The introduction of recorded sounds in a different environment than the origin of the recorded sounds evoke a listening situation previously coined by Musique Concrète-composer Pierre Schaeffer and his definition of acousmatic sounds: ' hears sound from behind a 'veil' of loudspeakers, the source cause remaining unseen. More generally any sound, whether natural or manipulated, may described as acousmatic if the cause of the sound remains unseen..' (wiki).

The sound work for the atrium of the Museum of Fine Arts in Split uses this occurrence to transform the recognisable to more abstract sonic matter that encourages the audience to perform the act of listening carefully. The mere introduction of sounds with a natural and cultural source to the enclosed environment of the museums courtyard, thus resonating with the idea of the museum as an enclave of contemplation and concentration in the middle of the rush of everyday life, surely conditions the ear of the beholder specifically.

The technique to create a new, spatial context for the found- and edited sounds, supports this strategy of the acousmatic listening situation; an array of loudspeakers, most of them already integrated in the spaces adjacent to the courtyard, extend that spatial quality as integral part of the work.

Such acoustic design, as an intervention, in the semi-public space of the museum, bears a resemblance to systems of control or -discipline: public address systems in factories diffuse muzak to distract the workers from the boring jobs, central music systems in supermarkets and malls stimulate to feel at easy, stay longer and buy more, etc. The conditioning power of designed and diffused sounds is, even on a low level, overwhelming. The research and the production of the soundscape is motivated by these connotations, yet the given situation demands a distance to this at the same time as the artwork doesn't have a commercial plan or a scheme of power. It has the power of seduction maybe, the surprise of unexpected music; at least it addresses the strategies that we became used to, and offers an alternative, the unbound sonic millieu of extended music.

In his work, Paul Devens (Maastricht, 1965) manages various concepts of reality by adapting codes, formalities and identities and embedding these in a different ‘re-invented’ condition. These adaptations often derive from aspects of an institutionalized society. This process of adapting and embedding is sublimated in different manifestations, such as time- and space related installations and minimal act, frequently with a performative quality. The output consists of installations, with sonic and architectural elements, electro-acoustic performances and video screenings. Esthetical features often embody technological phenomena by sound processing through computers, modular- and interactive software and homemade - and circuit bent instruments in combination with elaborated transformations of (sometimes existing) spaces. The installations often study the correlation between architecture and time-based media, such as sound. The way in which spatial and sonic qualities oscillate with cultural pre-constructed conceptions, led to a selection of works.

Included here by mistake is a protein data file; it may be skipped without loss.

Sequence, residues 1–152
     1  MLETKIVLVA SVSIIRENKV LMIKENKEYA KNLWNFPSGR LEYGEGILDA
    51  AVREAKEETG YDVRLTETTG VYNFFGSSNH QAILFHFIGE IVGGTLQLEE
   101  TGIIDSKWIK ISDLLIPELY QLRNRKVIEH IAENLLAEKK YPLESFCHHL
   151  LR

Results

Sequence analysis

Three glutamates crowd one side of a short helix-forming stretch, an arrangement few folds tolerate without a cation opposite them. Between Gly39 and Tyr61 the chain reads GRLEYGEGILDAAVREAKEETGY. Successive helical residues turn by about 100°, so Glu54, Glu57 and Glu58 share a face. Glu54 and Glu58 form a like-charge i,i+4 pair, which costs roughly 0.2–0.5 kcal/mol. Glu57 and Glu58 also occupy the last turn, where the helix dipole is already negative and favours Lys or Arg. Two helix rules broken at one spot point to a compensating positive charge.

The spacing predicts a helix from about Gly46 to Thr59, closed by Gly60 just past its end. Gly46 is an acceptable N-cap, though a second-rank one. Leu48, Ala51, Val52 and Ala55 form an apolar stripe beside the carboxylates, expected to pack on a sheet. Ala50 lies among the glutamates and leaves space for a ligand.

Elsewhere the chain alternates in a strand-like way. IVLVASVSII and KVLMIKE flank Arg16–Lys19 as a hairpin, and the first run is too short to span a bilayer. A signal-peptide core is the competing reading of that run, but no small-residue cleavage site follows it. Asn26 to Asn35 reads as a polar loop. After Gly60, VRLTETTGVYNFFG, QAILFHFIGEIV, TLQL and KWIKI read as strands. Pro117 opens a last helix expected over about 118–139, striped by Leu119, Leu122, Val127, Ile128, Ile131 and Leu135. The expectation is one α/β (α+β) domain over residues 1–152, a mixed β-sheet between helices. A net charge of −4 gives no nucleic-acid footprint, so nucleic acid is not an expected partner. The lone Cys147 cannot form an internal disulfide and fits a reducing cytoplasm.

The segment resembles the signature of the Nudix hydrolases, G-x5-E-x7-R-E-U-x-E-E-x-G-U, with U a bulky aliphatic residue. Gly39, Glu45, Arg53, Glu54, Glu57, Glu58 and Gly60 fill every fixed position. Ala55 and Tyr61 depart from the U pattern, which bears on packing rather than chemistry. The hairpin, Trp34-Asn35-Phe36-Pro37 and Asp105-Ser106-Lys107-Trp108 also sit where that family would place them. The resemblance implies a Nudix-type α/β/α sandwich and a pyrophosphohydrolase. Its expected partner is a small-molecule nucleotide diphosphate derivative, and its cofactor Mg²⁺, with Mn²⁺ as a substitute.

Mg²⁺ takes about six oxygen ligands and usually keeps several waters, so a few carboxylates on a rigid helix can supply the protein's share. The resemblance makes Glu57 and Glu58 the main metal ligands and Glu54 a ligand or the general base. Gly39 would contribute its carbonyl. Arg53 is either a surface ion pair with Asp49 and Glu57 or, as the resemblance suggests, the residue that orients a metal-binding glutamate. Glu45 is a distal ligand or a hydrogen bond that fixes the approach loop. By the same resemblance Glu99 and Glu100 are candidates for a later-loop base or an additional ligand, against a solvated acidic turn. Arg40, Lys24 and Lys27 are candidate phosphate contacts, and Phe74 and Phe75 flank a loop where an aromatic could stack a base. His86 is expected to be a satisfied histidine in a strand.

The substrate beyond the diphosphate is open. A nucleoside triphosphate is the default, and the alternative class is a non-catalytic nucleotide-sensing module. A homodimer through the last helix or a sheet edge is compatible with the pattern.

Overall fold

Paul Devens studied at the ABK and the Jan van Eyck Academy in Maastricht. His work has been installed, performed and screened at: Museum Z33, Hasselt (B), Marres, Maastricht, Ctrl_Alt_Del, Istanbul, OCA/ISP, Oslo, Kunsthal Charlottenborg, Copenhagen, Diapason Gallery, New York, Radio Art Festival, Tallinn, D-0 ARK Biennial of Bosnia - Herzegovina, etc.

Paul Devens lives and works in Maastricht (NL)